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Name: BILLYARD-LEAKE, Charles Robert (Capt.)

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Nee: twin bro of Edward Whaley Billyard-Leake and son of Charles Arthur Moresby Billyard-Leake

Birth Date: 13 Nov 1895 Campbelltown, Tasmania

Death Date: 20 May 1965 Salisbury, Rhodesia

First Date: 1925

Profession: Big game hunter

Area: Escarpment

Married: 1. In London 1924 Frances Ursula Makepeace 'Sally' Greswolde-Williams b. 1906 Bredenbury, Herefordshire, d. 11 Oct 1973 Mombasa (dau of Francis Wigley Greswolde-Williams and later m. to George Alexander Heath 1893-1983); 2. In Nairobi 27 Jan 1944 Mary Cecilia Hudson b. 1912

Children: Letitia (1927 Chelsea-2016); Sarah Elizabeth Ann (1925 Portsmouth-1979)

Book Reference: Red 25, Hut, Stud, Web

General Information:

EA Stud Book 1954 - Brood Mares - Thoroughbred - Breeders - Mrs C.R. Billyard Leake (1935)
Web - "The Argus" Tuesday August 27, 1929 - "Elephants, lions, leopards, wart-hogs and rhinoceri have been hunted and killed in Africa by Mrs C.R. Billyard-Leake, who, with her husband, Captain Billyard-Leake, arrived by the Orient liner Orama yesterday. Mrs Billyard-Leake was born in England, but she went to Kenya Colony - her father has a farm at Nairobi - when she was aged 5 years, and she remained there until she was aged 18 years. Captain Billyard-Leake is a member of an old Sydney family, and he went to England when a child. His father, an Australian now living in Egypt, gave Harefield Park, his English estate, to the military authorities during the war, and it was used as an Australian hospital. His elder brother, Lieut.-Commander E.W. Billyard-Leake, RN, was on the staff of the Prince of Wales during the Prince's visit to Australia. Mrs Billyard-Leake shot her first lion when she was aged 12 years and by the time that she was 18 she had accounted for 11 more, besides a miscellaneous "bag" which included 2 elephants and numbers of leopards and rhinoceri [sic]. She is disinclined to talk of her exploits, but the stories she does tell are stirring. Her husband is also a big game hunter and a keen amateur motion-picture photographer. Not the least exciting of their adventures occurred while he was attempting to obtain pictures of wild animals. ……….. Nearly all hunting is done on foot or on horseback. I had some very good sport with a pack of mongrel dogs, which included several half-Alsatians. However the hunting in East Africa is not what it used to be. The game has been thinned by large American parties and the fever country is the only part where there is plenty of it now. Mrs Billyard-Leake is a keen and skilful polo player, and she is devoted to horses. Horses provided one reason for the decision of her husband and herself to settle in Australia; disease is so rife among them in Africa that it is difficult to keep them; and £40,000 has been subscribed to reward the scientist who can find a means of safeguarding their health. Lately Mrs Billyard-Leake has ridden at Olympia, London where she won several prizes. Captain and Mrs Billyard-Leake, with their 2 children, are going to a sheep station belonging to Captain Billyard-Leake's father. It is near Cowra, in New South Wales.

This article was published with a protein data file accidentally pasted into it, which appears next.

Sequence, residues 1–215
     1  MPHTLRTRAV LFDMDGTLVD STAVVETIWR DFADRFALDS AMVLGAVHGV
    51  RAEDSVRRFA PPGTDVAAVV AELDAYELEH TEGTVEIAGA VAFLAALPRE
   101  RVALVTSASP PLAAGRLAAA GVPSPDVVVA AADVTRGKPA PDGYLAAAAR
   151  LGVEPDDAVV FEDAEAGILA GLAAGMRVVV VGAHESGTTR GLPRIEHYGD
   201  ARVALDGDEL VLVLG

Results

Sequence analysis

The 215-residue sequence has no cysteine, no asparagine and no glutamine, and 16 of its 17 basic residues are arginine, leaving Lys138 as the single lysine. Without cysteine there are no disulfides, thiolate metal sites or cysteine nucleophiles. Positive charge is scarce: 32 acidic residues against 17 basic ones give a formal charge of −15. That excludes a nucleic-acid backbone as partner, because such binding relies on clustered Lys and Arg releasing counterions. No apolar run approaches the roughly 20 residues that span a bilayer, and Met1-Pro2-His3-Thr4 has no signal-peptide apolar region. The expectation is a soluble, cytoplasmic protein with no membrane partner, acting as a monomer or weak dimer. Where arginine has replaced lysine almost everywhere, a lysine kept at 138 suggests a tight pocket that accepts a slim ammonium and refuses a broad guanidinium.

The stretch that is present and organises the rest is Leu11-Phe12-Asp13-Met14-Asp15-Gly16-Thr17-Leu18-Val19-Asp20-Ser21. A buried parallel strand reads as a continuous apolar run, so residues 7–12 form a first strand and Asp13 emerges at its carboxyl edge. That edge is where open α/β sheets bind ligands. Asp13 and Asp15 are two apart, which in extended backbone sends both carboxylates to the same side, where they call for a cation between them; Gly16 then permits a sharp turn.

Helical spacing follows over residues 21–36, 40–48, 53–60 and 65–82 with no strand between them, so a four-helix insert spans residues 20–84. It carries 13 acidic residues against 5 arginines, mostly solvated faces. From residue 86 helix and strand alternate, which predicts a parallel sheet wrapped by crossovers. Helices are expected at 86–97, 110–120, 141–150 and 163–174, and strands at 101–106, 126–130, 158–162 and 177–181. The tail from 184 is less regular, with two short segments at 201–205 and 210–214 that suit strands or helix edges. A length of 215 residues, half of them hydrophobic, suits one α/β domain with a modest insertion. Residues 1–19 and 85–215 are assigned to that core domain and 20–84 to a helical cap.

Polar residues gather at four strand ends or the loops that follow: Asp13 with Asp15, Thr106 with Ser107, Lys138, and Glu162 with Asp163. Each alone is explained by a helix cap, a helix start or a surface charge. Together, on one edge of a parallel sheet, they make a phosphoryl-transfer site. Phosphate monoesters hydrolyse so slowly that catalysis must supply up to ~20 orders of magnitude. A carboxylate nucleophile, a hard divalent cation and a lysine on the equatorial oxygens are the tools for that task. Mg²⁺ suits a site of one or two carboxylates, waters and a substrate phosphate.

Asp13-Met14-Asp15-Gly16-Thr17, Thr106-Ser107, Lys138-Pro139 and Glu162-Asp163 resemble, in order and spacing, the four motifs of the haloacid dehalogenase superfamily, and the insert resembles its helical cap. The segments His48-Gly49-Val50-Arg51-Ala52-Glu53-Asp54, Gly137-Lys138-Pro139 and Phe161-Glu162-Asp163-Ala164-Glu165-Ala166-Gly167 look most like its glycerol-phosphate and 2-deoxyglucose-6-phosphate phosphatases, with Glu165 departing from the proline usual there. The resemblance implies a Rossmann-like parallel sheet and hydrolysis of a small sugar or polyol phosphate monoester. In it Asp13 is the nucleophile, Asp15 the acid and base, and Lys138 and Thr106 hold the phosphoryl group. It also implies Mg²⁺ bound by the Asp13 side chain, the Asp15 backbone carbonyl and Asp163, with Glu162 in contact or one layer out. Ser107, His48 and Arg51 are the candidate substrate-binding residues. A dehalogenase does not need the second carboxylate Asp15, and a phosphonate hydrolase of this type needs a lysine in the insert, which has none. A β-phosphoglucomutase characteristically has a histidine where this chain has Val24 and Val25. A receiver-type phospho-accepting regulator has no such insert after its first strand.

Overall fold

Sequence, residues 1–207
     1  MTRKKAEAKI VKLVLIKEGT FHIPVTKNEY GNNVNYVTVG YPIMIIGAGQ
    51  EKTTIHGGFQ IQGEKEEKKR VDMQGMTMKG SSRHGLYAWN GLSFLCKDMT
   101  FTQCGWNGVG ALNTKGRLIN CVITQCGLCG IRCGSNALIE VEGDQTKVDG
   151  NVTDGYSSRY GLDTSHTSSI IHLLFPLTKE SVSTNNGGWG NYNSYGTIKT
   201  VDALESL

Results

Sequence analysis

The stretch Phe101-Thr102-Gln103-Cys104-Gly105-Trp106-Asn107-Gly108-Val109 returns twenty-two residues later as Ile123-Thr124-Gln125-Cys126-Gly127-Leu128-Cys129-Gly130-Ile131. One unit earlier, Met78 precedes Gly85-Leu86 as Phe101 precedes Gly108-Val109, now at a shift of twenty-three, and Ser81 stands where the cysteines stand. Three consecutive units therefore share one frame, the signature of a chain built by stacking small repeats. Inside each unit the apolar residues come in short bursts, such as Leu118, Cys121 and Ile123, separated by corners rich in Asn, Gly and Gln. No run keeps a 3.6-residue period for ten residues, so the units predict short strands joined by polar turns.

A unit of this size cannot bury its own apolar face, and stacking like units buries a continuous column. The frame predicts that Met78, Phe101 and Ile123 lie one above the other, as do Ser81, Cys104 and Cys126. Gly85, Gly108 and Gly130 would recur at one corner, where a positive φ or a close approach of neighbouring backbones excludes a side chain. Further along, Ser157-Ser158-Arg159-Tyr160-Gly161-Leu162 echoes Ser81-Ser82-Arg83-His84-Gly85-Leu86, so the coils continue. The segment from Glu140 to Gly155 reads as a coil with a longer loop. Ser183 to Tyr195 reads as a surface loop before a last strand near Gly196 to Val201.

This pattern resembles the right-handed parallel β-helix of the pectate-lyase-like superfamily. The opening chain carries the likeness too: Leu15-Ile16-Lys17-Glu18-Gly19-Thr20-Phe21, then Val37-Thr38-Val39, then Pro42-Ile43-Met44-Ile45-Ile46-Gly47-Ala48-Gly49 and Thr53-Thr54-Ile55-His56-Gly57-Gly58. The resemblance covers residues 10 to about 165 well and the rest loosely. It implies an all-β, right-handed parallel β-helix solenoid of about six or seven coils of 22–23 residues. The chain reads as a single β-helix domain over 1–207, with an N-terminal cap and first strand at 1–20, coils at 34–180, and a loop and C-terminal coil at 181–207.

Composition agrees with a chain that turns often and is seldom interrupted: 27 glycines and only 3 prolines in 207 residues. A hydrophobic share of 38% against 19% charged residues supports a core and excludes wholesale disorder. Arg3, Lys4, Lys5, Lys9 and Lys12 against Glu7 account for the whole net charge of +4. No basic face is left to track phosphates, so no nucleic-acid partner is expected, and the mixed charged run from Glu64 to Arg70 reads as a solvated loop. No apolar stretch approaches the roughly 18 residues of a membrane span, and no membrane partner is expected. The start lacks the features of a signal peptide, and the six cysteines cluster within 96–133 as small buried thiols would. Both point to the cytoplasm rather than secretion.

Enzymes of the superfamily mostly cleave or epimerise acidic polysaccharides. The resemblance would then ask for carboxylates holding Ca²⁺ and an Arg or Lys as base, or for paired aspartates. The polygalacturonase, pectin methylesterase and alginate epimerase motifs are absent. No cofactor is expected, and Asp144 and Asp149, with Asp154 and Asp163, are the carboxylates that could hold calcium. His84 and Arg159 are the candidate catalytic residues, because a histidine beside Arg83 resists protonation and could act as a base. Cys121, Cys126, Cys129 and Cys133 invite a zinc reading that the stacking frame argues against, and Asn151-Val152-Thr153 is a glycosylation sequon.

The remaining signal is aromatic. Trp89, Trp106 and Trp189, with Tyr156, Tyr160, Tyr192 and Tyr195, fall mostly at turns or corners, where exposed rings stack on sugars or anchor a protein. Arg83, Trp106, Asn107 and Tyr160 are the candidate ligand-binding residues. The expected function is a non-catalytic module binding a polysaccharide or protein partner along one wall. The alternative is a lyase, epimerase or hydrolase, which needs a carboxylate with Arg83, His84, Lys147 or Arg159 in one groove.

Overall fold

Gazette 5/4/1938 - Honorary Game Warden

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